Why a Greek Default is Disastrous for Greece and the European Union
On June 30, Greece defaulted on its €1.55 billion payment, becoming the first developed country to default to the International Monetary Fund (IMF). This default will have damaging consequences for Greece and the European Union (EU).
On June 30, Greece defaulted on its €1.55 billion payment, becoming the first developed country to default to the International Monetary Fund (IMF). The financially challenged country also missed the deadline to repay its European lenders loan payments totaling €245 billion. Greece and its international creditors have been unable to forge any agreements or settle any differences on the reforms Greece was to implement in exchange for the loans. The two sides are now at an impasse on how severe the austerity measures Greece must undertake in exchange for aid. The IMF and Europe want Greece to raise taxes and make spending cuts worth €2 billion while Greece considers such measures to be unfair, fearing its economy will fall into further recession. Greece’s prime minister, Alexis Tsipras, has unwisely called for a referendum to allow Greek citizens to vote if Greece should undergo more austerity measures. The Greek government ran out of both time and money, and has, as a result, defaulted on its loans. This default will have damaging consequences for Greece and the European Union (EU).
Economically, this default could prove catastrophic. Greece’s central bank recently warned that failing to reach a deal with its international creditors would cause an “uncontrollable crisis,” as losing access to international credit markets would create such austerity as to injure the economy further. Jobs will be harder to find and Greeks will have trouble withdrawing money from its banks. Living standards would decrease. Overall, an already poorly performing economy will suffer and it is the poorest Greek citizens who will suffer the most.
On the EU level, Greece’s European creditors have largely had a unified reaction to the country’s reluctance and inability to pay back its loans. Germany, the central player pushing for austerity measure implementation and the biggest eurozone donor, has maintained its hardline rhetoric. German Vice-Chancellor Sigmar Gabriel wrote recently: “Everywhere in Europe, the sentiment is growing that enough is enough.” As a result, Germany and several other European creditor countries, such as France and Spain, refuse to provide debt forgiveness and believe that Athens is dragging its feet on hard but necessary economic reforms. This regional frustration could force Greece to leave the eurozone, which in turn could prove devastating for the faltering economy. Even though Greece makes up only a small percentage of the eurozone’s total economy, it would still have significant implications: it would be the first time a member country exited the eurozone, suddenly making an exit a viable option rather than a toothless threat. The risk of financial contagion could also be great, possibly increasing borrowing costs for other economically troubled eurozone countries (Italy, Spain and Portugal) and further damaging the value of the euro.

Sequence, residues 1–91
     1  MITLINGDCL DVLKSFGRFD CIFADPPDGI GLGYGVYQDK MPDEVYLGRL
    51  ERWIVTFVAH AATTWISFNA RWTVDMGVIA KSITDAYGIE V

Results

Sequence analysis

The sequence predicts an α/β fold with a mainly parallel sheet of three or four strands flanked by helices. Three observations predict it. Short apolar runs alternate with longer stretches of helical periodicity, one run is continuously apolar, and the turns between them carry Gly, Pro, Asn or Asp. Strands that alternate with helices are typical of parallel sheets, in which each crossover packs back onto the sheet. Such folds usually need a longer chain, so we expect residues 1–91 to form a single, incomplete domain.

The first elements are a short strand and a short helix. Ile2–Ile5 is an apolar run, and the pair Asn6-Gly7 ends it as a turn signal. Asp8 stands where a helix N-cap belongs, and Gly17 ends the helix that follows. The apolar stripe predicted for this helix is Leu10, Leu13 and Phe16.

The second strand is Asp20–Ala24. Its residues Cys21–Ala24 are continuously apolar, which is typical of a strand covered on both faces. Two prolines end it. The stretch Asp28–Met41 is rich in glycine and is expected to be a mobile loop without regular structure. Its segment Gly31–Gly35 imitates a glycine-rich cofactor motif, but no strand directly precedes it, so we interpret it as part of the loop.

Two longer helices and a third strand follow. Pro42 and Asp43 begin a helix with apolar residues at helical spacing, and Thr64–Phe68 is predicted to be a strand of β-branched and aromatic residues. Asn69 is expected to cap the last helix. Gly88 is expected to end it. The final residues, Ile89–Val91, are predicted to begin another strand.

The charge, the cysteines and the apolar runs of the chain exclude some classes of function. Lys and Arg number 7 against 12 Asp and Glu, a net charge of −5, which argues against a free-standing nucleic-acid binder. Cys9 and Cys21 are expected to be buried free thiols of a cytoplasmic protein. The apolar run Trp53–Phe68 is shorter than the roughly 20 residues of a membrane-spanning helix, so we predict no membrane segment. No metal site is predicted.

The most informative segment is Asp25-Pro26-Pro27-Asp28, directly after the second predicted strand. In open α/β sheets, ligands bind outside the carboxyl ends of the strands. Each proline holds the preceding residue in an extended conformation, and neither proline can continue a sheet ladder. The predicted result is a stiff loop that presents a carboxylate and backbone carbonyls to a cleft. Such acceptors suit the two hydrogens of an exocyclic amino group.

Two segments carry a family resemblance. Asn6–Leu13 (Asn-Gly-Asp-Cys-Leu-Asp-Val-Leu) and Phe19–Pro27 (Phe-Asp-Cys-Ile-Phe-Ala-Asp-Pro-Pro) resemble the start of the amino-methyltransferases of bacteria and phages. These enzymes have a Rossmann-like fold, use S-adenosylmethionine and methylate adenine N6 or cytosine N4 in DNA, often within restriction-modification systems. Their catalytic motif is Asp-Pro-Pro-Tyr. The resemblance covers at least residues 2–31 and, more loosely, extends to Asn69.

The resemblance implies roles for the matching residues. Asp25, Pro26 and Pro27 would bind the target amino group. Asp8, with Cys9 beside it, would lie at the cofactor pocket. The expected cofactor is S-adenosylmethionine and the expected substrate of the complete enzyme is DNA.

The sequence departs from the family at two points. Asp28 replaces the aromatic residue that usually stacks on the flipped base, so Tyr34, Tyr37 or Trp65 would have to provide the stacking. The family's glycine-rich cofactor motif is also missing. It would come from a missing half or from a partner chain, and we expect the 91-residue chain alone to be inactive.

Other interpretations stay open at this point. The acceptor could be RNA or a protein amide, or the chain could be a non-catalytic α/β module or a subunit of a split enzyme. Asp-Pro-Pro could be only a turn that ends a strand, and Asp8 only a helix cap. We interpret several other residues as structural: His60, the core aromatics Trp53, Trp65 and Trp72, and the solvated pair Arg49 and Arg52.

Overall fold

A Greek default would also have significant political ramifications. On the state level, if Greece exited it is possible that further social and political turmoil could ensue. Greece’s government and social makeup have proven to be less stable than desired. In January 2015, Syriza, a left-wing party, was elected to renegotiate Greece’s debt; its overall purpose was to secure a better deal than the austerity measures its international creditors desired. As a populist party, Syriza’s political legitimacy would falter if it were seen to acquiesce to its international creditors by raising taxes and cutting public spending. Following an exit, the Greek government would also struggle to provide basic services to its citizens, potentially provoking more discontent and unrest. Since Athens was unable to avoid a default, social unrest and political disorder are already probable and an exit from the eurozone could further disrupt the fragile political situation in Greece.
Regionally, the economic disagreement between Greece and the other money-lending eurozone countries has also become a political battle, because Greece’s future with the European Union is under question. Greece’s failure to implement the necessary concessions to secure continued lending has hurt its reputation throughout the eurozone and has, perhaps irrevocably, damaged relations with its EU partners. There is no precedent for forcing a country to leave and a Greek exit could begin a domino effect of other eurozone countries with struggling economies, like Spain and Portugal, also defaulting on their debts and threatening to leave the eurozone. If Greece is forced to make such an exit, it is uncertain how the European Union would handle such complications and impossible to predict how far-reaching the consequences could be for Greece and EU.
The Greek default to the IMF and European lenders will have severe consequences for Greece and the European Union. Going forward, it is imperative that the Greek government make concessions on implementing required austerity measures and that Greece’s lenders provide the necessary bailouts. This default is not going to secure Mr. Tsipras or his Syriza party more favorable terms on the loans, instead, it has damaged the credibility of the Tsipras government and Greece itself. Mr. Tsipras made a grave mistake that will have dire consequences for his own country, citizens, and the wider European Union. Now, it is up to both sides to work together in earnest to prevent Greece from exiting both the eurozone and the EU.
Kathleen Taylor is a contributing editor for Charged Affairs with Young Professionals in Foreign Policy. She is based in the Washington, D.C. Metro Area.